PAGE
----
"Gretel was just asking me about the way you kissed," Jill said.
       She was that way sometimes, embarrassing you to death.
       "Jill!" I said, pretty much mortified.
       Eddie liked this information; he thought highly of himself. "Oh, yeah?" he said.
       I realized now that he was sitting too close to me, and now he leaned over closer still.
       "Want to find out?" he said.
       Jill let out a snort.
       "I mean it," Eddie said, although whether he was addressing me or Jill, I couldn't tell. Before I could figure it out, Eddie had started to kiss me. It was getting even darker by then, and from the corner of my eye I could see Jill's hair, which looked silvery against the sky. He kissed me and went on kissing me until I couldn't breathe, and then he backed away and laughed. I must have had a stupid expression on my face, because Eddie took one look and said "I must be even better than I thought I was."
       Jill was patting my leg. "Gretel?" she said in a concerned sort of voice, but I was the one who wasn't listening now. I got out of that pool fast, and went to the gate. I didn't bother to grab my shoes, although the cement was still burning hot in the driveway, even now, in the dark. I was late for the Dorrio's wedding, and my mother and Margot had already loaded up Margot's station wagon and driven over to the Knights of Columbus Hall. As I ran there, I thought that human beings really didn't have a chance. Things didn't make any sense, of that I was certain. I kept feeling Eddie's kiss, as if it was happening over and over, as I ran across lawns and headed for the Turnpike. I understood why Jill looked so dumbstruck and so glazed; how could she not be puzzled that a kiss had taken her so far? No wonder people did such stupid things for love. No wonder they wound up ruining their lives, or at least seeing them on a strange and unknown course.
       I was completely out of breath when I got to the Knights of Columbus Hall. The parking lot was full and the moon was climbing over the asphalt shingled roof. The heat seemed to be rising, and in the back room, where my mother and Margot had set up a makeshift kitchen, the temperature must have been well over a hundred.
       "Finally," my mother said when she saw me. "I was worried ."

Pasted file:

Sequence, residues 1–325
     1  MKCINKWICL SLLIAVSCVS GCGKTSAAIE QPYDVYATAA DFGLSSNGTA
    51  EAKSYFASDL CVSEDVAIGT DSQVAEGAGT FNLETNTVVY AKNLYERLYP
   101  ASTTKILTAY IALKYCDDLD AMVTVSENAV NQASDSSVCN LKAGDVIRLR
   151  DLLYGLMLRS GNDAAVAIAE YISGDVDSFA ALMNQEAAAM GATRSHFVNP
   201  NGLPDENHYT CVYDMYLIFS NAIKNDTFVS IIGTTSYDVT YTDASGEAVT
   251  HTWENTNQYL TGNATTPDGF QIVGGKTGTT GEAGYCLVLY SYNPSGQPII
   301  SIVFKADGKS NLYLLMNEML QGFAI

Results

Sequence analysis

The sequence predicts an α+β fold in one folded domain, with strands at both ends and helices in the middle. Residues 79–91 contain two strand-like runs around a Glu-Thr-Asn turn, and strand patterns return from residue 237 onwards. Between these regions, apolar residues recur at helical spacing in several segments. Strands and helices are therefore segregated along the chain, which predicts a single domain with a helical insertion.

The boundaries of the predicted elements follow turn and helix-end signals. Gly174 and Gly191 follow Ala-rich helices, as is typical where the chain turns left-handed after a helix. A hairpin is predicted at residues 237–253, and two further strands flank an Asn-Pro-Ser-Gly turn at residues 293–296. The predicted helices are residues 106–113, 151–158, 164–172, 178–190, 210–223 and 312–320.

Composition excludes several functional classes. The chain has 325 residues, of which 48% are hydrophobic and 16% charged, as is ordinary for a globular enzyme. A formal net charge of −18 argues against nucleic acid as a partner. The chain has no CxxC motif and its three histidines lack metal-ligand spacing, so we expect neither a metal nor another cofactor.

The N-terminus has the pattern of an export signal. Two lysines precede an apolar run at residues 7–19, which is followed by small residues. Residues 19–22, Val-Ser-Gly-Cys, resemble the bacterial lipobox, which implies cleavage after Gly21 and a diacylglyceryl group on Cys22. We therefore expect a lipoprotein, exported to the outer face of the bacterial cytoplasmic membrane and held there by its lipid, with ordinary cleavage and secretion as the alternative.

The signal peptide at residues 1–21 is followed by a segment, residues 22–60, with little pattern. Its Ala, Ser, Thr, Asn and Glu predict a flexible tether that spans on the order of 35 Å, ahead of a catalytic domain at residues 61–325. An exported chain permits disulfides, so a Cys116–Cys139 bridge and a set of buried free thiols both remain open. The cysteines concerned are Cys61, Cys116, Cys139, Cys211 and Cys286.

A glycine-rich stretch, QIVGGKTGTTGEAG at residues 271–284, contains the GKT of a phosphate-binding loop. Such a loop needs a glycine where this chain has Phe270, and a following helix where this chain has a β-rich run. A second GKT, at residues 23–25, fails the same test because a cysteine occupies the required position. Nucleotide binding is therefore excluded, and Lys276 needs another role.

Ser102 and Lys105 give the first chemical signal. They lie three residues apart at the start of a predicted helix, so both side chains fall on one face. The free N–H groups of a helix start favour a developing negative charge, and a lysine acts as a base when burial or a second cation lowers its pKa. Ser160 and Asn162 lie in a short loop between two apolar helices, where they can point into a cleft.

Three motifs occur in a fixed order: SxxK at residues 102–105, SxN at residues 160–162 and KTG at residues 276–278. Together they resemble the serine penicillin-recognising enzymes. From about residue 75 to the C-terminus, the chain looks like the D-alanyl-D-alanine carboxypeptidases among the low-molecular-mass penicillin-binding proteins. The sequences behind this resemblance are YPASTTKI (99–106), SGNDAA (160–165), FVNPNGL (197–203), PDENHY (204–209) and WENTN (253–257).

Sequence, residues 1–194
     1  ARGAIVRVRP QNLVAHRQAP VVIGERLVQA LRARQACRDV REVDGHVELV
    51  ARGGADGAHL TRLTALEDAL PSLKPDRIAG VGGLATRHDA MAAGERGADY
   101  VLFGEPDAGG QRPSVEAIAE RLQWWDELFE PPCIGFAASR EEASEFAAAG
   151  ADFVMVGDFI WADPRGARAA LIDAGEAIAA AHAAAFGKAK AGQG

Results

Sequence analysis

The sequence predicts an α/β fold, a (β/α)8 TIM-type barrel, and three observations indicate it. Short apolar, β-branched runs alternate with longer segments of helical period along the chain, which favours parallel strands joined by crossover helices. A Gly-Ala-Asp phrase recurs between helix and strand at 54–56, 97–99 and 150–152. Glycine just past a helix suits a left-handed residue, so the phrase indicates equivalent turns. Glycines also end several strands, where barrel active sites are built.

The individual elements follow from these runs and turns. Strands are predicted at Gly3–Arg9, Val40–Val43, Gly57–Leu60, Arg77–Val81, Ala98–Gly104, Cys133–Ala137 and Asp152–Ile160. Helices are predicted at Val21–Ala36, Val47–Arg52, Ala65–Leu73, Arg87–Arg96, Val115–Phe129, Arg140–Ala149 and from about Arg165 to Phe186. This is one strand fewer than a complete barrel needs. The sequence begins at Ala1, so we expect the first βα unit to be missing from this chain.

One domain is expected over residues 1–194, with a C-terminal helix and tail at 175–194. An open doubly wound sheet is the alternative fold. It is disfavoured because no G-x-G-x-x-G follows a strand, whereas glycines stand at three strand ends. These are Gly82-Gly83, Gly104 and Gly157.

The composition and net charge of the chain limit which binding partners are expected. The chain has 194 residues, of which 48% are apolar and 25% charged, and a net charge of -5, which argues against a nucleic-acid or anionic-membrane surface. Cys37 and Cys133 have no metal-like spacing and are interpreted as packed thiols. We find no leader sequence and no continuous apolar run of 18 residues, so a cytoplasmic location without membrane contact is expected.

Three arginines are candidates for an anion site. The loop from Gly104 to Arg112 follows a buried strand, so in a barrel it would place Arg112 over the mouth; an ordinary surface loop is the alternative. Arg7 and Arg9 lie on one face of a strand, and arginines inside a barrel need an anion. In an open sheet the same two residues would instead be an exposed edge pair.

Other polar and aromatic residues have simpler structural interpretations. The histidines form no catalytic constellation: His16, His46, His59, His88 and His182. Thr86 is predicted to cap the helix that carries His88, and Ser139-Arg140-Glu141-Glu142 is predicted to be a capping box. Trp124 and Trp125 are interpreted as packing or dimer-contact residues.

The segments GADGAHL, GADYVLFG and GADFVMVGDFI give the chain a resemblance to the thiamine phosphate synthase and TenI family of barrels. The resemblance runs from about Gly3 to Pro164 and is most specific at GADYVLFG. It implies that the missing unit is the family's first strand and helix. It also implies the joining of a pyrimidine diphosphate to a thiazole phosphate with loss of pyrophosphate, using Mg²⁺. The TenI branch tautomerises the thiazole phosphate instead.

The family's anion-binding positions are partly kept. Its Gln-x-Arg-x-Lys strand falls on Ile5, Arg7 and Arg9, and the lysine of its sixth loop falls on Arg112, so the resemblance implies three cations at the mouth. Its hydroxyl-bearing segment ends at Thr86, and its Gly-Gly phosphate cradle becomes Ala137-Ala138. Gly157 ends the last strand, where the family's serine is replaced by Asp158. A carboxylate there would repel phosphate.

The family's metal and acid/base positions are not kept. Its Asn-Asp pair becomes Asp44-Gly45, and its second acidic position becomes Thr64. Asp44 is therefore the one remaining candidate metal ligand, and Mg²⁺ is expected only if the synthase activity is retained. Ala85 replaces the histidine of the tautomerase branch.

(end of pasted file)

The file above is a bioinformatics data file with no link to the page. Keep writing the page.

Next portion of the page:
"I forgot the time," I said, grabbing an apron. Margot had had the TWO WIDOWS logo printed on the blue cloth.
       "It's wild out there," Margot said, coming inn from the function room with an empty tray. She'd been serving hor d'oeuvres, but she looked like she'd been doing battle. "They're drinking whiskey sours like they were water."
       I could tell by Margot's breath that she'd had one herself. I helped her load up another tray of hor d'oeuvres, little hot dogs wrapped in phylo-dough and mini knishes, while my mother got the main course ready. If I wasn't mistaken, my aunt seemed a little flushed, and when I followed her into the wedding party I could see the reason why. There was a man who was searching the room, and when he say Margot, he waved.
       "Hey, baby," he called.
       My aunt turned to me and for an instant I saw the hope in her eyes. I saw that she'd be willing to try again, she'd do anything for love, the real sort, the sort that would last.
       "Wish me luck," she whispered.
       I was standing beside the bar, which specialized in whiskey sours and rum punch, and I couldn't help but wonder what this man's history was; if he'd been married, or if he was married still. For all we knew, he could be Dorrio himself,. today's bridegroom. Not that it mattered. There he was, on the other side of the room. There she was, headed straight for him. And there I stood, barefoot, in the Knights of Columbus Hall, during the hottest summer of our lives.